LEONARDO DA VINCI. Trattato della pittura di Leonardo Da Vinci. Edited by Raphael du Fresne. , 58, 61-64, 63-112,  pp. Illustrated with engraved additional title-page with portrait of Leonardo, large vignette on title-page, dedication headpiece of Queen Christina of Sweden, 9 engraved head-and tailpieces, 3 engraved initials and 57 in text engravings of drawings and diagrams. Paris: Langlois, 1651. BOUND WITH:
Leon Battista ALBERTI. Della pittura. Della statua. Edited by Raphael du Fresne. , 62 pp. Illustrated with engraved title-page vignettes, engraved portrait of Alberti, 9 engraved head- and tailpieces, 4 engraved initials and 16 in-text engravings. Folio, 383 x 270 mm, bound in contemporary French calf, red morocco spine label stamped in gilt. [Paris: Langlois, 1651].
Ad 1: First Edition of "The most important document in the whole history of art" (Kenneth Clark). Although abbreviated, "the history of the influence of Leonardo's theory of art begins officially with the appearance of this publication" (Pedretti I, p. 14). Leonardo's writings on painting, among the most remarkable from any era, were never edited by Leonardo himself into a single coherent book.
The above volume is critical to the reconstruction of his definitive statement on the subject. This first edition was the outcome of the scholarship in Rome of Cardinal Barberini and his secretary Cassiano dal Pozzo, whose project began in 1640 but did not result in any publication.
The work is illustrated throughout with reproductions of Leonardo's drawings (now lost, but preserved in MS copies originally made by Francesco Melzi). "For reasons unknown Leonardo's Trattato was not published in the sixteenth century. When Melzi died in or about 1570, his compilation was no longer in his hands. At that time MS copies of an abridged version of his compilation were circulating in Italy, and it was one of them that was published in Paris in 1651" (Pedretti). Another important feature of this first edition is that diagrams and engraved vignettes were executed after Nicolas Poussin, including a series of anatomical studies and male nudes.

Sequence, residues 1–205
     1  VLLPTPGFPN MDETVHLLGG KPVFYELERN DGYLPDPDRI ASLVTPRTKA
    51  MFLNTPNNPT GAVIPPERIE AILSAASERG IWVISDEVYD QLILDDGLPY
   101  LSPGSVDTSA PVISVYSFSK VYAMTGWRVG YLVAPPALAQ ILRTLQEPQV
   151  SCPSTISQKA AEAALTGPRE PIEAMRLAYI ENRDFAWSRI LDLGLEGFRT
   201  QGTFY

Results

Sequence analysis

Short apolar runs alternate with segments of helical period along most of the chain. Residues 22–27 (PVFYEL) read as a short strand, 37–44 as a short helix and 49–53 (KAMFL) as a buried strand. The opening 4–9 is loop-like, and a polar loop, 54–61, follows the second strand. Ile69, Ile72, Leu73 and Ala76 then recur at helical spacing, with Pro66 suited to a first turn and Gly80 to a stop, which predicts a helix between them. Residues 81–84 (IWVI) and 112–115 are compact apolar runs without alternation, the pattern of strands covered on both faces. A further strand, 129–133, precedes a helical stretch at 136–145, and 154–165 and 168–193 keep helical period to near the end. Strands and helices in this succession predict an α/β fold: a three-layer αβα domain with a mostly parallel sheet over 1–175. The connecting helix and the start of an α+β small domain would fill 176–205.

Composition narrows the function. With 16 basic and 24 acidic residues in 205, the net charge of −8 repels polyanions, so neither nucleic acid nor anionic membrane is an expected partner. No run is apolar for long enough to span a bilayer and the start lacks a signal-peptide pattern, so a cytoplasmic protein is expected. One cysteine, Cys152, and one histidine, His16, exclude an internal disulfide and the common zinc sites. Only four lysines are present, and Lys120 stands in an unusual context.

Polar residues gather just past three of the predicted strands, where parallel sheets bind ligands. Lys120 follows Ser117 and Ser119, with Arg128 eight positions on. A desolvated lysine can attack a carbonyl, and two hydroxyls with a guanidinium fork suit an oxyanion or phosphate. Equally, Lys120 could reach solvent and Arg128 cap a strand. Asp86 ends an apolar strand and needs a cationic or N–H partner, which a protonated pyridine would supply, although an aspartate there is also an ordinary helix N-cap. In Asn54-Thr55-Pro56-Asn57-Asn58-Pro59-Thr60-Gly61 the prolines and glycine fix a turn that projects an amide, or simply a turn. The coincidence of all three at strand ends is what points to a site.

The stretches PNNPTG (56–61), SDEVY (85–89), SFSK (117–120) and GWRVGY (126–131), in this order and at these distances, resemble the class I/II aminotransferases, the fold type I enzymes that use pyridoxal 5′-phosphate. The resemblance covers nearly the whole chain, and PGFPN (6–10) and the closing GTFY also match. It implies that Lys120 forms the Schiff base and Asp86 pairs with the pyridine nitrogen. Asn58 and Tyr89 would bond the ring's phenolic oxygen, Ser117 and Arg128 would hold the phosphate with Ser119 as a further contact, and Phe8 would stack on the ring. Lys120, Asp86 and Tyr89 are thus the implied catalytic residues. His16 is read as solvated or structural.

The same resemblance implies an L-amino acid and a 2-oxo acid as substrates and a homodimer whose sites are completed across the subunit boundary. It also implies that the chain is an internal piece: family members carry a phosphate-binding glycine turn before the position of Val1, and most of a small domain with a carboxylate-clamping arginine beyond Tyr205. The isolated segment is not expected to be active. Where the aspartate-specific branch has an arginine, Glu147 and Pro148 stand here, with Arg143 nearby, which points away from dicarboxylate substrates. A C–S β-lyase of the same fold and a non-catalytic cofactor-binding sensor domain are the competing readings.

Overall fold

The above volume is the only printed book bearing Leonardo's name until the end of the nineteenth-century. It remains a key source of Leonardo's writings on per-spective, proportion, colour, light and shadow. The editor of this edition, Raphael Trichet du Fresne, added to his biography of Leonardo a list of 35 books on art; this has been described as "one of the earliest, if not the earliest, art bibliography" (Steinitz).
Ad 2: First appearance in print of Leon Battista Alberti's "Della Statua," also containing the important biography of him, for which see Pierre Jodogne, "La Vita di Leon Battista Alberti écrite par Raphaël Trichet du Fresne (1651)" in: Studi di storia della civiltà letteraria francese: Mélanges offerts à Lionello Sozzi (Paris, 1996), pp. 383-419.
This volume also features a new edition of Alberti's "Della Pittura" as prepared by Du Fresne. "Leonardo's Trattato della pittura is greatly indebted to Alberti" (PMM). Joints restored, some light spotting throughout, several leaves with staining and toning, some worming in the lower gutter, some brown pencil markings, old repair on leaf 4 of Della pittura, overall, a good copy of this rare book.
Kate Trauman Steinitz, Leonardo da Vinci's Trattato della Pittura / Treatise on Painting: A Bibliography of the Printed Editions 1651-1956 (Copenhagen: Munksgaard, 1958) no. 1 (pp. 145-150). Cicognara 232. Gamba 1164. See also PMM 28.
Item nr. 166960